Owl City rose to prominence after the first single ‘Fireflies’ garnered much success and likability in 2009. Ocean Eyes is filled with small details to look out for, from its lyrics to the magic behind the outstanding production handled solely by former DJ, Adam Young (the sole member of the band).  The borrowed vocals from Christian rock band Relient K’s frontman, Matt Thiessen, are key to the harmonies and hooks in the record.

Ocean Eyes are basically a peek at somebody else’s diary. They lyrics are very confessional and spiritual, and even though they make up for pop music, they indeed are very much felt. The play on the lyrics is in fact really distinguished. The way Young conveys his metaphors reflecting love, vulnerability, frustrations and joy is worth taking hats off for. The whole album is worth checking out, but ‘Tidal Wave’ and ‘The Bird and the Worm’ are the highlights in the whole body of work. ‘The Bird and the Worm’ sings about defenselessness when in love; it encloses a flounce on a sunny day with the production from ‘Fireflies’ to an acoustic fast paced rhythm combined with piano.  ‘Tidal Wave’ calls upon a higher source of help when faced with hassles and obstacles; it suggests divine power looking over and uncovers Christianity and faith conviction to its fullest.

The hindrance with this record is it at times becomes too droning. The production is tremendous but the rest of the album sounds like a remixed version of ‘Fireflies’. The record tries to break away from what composes ‘Fireflies’, and achieves it in some tracks, but the rest suffer from the rebound effect; it is difficult to discern between which song is which afterwards as plenty sound too similar (‘Hello Seattle’ deceives it is ‘Fireflies’ when it starts playing).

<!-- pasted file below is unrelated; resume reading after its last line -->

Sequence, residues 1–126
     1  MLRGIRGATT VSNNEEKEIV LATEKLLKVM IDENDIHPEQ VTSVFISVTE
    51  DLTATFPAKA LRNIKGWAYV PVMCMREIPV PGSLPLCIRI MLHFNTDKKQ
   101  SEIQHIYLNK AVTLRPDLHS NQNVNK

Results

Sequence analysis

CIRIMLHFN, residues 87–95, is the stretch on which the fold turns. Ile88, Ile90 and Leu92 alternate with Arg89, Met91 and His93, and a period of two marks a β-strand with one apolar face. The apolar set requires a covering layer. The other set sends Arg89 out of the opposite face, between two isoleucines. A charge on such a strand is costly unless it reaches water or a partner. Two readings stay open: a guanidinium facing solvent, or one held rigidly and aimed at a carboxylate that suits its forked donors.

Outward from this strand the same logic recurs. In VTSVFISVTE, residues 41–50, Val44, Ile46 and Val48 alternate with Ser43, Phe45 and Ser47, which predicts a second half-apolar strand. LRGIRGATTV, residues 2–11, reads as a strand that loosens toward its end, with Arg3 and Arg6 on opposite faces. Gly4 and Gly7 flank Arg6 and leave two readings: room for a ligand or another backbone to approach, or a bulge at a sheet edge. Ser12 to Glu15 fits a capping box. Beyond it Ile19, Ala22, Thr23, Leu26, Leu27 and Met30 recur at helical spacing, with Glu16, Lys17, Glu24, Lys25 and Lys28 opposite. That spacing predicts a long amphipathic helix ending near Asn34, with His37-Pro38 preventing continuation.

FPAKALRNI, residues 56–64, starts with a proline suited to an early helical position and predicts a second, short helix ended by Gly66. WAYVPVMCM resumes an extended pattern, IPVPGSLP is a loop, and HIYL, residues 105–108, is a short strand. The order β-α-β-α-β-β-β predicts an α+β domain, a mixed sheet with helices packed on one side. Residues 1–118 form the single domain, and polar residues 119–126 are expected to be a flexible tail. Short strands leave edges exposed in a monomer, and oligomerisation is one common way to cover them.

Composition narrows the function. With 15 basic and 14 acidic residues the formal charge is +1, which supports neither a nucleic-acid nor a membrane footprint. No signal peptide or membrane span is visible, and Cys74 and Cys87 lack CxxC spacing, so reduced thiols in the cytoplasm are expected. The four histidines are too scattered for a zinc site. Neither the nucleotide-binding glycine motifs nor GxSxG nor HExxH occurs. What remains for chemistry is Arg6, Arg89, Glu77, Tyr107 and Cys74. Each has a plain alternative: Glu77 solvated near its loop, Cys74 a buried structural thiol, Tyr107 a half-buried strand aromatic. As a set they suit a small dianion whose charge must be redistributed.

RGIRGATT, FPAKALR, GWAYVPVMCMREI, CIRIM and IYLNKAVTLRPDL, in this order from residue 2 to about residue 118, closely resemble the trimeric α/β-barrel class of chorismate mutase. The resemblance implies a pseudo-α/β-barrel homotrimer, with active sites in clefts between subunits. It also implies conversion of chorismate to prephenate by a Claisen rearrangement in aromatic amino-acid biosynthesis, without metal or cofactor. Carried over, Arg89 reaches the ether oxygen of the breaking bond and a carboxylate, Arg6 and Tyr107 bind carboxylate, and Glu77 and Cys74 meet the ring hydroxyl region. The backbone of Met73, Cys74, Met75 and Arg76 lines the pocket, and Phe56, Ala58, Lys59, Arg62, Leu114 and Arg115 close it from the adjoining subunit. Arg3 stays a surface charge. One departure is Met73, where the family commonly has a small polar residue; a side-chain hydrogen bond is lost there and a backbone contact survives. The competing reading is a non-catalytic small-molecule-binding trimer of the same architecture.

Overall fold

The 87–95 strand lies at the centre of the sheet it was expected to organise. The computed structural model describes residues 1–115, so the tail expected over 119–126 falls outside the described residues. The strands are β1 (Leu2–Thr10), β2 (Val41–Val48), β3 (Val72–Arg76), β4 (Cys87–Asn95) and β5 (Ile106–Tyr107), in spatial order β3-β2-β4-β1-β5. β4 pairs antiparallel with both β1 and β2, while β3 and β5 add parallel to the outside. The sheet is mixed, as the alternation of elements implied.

One thing which cannot be denied is the album cuts (despite being similar) moving unto different ground once they have warmed up to the listener. They outdo themselves slightly either lyrically or in tempo (one virtually sees the songs evolve on their own).  Also, the very unabashed positive suggestions in the songs, where Young chooses to ‘pick flowers instead of fights’ (‘Dental Care’), makes the album invigorating, uplifting and vivacious, if not completely bouncy and high spirited.

‘Fireflies’ is remarkable, it does not sound like anything playing on radio, but after the structure of it is used several times, it loses its shine (at least not entirely). Ocean Eyes suffers from ‘the ocean’ to some extent refracting the light of the sun on the waves, meaning it re-does what it has already done. The lyrics move forward, but the sound does not quite keep up the pace.

The album seems like something coming from outer space, it is dancey synth pop, somewhat soft rock-edged and acoustic. Despite the album nearly self ripping itself off, Ocean Eyes is original, emotive, cute and silken.